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-40 Wind Chill Possible Thursday Night, Friday Morning

National Weather Service issues advisory for Twin Cities region. Deep freeze would affect outdoor city skating rinks..

The National Weather Service has issued a wind chill advisory for the Twin Cities area, warning that temperatures could reach dangerous levels from midnight Thursday through noon Friday.

The combination of wind and cold could result in wind chills of more than 30 below zero, and as much as 40 below zero in isolated areas, during the early morning hours Friday. At such temperatures, extreme caution is warranted to avoid frostbite and hypothermia.

At 40 below zero, going outdoors for more than 30 minutes without gloves or a face mask could result in frostbite. Motorists are urged to pack along extra clothing and a blanket in case of problems. Pets can also suffer from the cold, even on short walks.

If wind chills dip as low as expected, the city of Roseville's outdoor city skating rinks will be closed.

"Parks and Recreation’s policy is to close rinks when temperatures dip below -25 degrees or windchills below -15 degrees.," Carolyn Curti, a Roseville city communications specialist, told Roseville Patch.

Meanwhile, Curti said, "We’ll take the usual precautions to protect (municipal) workers, while meeting the needs of the city. Employees receive first aid/safety training which includes working in extreme cold and recognizing hypothermia. Workers wear adequate clothing to protect themselves when outdoors."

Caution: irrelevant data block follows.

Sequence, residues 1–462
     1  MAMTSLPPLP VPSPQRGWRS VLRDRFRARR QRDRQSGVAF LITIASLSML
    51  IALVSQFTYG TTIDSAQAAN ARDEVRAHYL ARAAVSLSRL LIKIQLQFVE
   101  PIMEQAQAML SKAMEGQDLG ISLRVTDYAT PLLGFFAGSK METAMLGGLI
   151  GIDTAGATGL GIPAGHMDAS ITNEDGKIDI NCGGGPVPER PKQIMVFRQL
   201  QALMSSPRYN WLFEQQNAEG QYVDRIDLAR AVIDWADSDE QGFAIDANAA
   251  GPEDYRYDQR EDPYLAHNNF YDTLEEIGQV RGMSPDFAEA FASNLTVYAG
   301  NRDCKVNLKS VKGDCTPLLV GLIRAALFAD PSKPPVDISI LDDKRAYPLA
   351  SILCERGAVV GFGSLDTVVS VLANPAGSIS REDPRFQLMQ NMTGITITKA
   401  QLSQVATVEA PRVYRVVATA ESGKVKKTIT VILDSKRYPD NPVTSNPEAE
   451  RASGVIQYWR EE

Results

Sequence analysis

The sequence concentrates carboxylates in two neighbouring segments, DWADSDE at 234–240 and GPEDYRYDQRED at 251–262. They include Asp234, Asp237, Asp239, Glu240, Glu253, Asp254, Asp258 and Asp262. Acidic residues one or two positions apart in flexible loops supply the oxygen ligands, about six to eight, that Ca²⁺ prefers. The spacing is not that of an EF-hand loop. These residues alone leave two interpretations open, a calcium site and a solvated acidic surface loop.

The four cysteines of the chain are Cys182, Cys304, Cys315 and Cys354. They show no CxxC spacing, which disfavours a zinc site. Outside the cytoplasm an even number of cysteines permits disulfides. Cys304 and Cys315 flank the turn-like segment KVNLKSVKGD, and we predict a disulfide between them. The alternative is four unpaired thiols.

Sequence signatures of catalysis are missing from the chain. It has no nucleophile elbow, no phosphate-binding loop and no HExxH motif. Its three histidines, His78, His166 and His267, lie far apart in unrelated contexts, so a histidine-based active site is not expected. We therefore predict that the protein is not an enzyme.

At Roseville School District 623, officials won't have to worry about K-8 students being out in the cold on Friday morning either walking to school or waiting for buses. "Fortunately, Friday is a non-school day,'' said Kathy Englund, a school district spokeswoman, noting that Feb. 1 is a Staff Development day for teachers.  However, there is school Friday for the high school, grades 9-12. 
 
And some forecasted good news: Temperatures should recover into the 20s by Saturday.

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 How to dress during severely cold weather:

 

  • Wear layers of loose-fitting, lightweight, warm clothing. Trapped air between the layers will insulate you. Outer garments should be tightly woven, water repellent, and hooded.
  • Wear a hat, because 40 percent of your body heat can be lost from your head.
  • Cover your mouth to protect your lungs from extreme cold.
  • Mittens, snug at the wrist, are better than gloves.
  • Try to stay dry and out of the wind.

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